Compton, Los Angeles. 1986. Five friends, Dr. Dre, Eazy-E, Ice Cube, DJ Yella and MC Ren, decide to combine their musical skills into a rap group called N.W.A.. Fame, fortune and fall-outs await.
If it’s rough in places, with some cartoonish supporting characters and a tendency to dramatically overdo the emotional moments, there’s a persuasive energy and genuine passion to F. Gary Gray’s story of the explosion of N.W.A that makes its faults secondary. Parallels between the anger at police violence that drove N.W.A to record Straight Outta Compton in 1988 and current situations in America are obvious and treated with appropriate anger. It’s long but never feels indulgent because there’s a lot to pack in, from the rap group’s formation, to the release of an album that ignited its young audience and terrified police, to infighting, going solo, reunions and death. If the film is melodramatic it’s because the people it depicts lived melodramatically.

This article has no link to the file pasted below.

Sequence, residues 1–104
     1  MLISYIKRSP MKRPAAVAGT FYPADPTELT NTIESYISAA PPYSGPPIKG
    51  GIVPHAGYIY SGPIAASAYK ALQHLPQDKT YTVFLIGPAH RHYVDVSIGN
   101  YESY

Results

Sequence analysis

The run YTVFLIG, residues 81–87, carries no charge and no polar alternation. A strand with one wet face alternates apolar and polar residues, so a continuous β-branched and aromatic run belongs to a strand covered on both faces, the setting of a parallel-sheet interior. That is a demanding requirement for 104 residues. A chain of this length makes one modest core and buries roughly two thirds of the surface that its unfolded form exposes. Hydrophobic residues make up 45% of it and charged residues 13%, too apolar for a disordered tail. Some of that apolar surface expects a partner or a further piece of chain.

Potent and visceral in its depiction of street life and blinged-up excess alike, Straight Outta Compton delivers big beats of both kinds.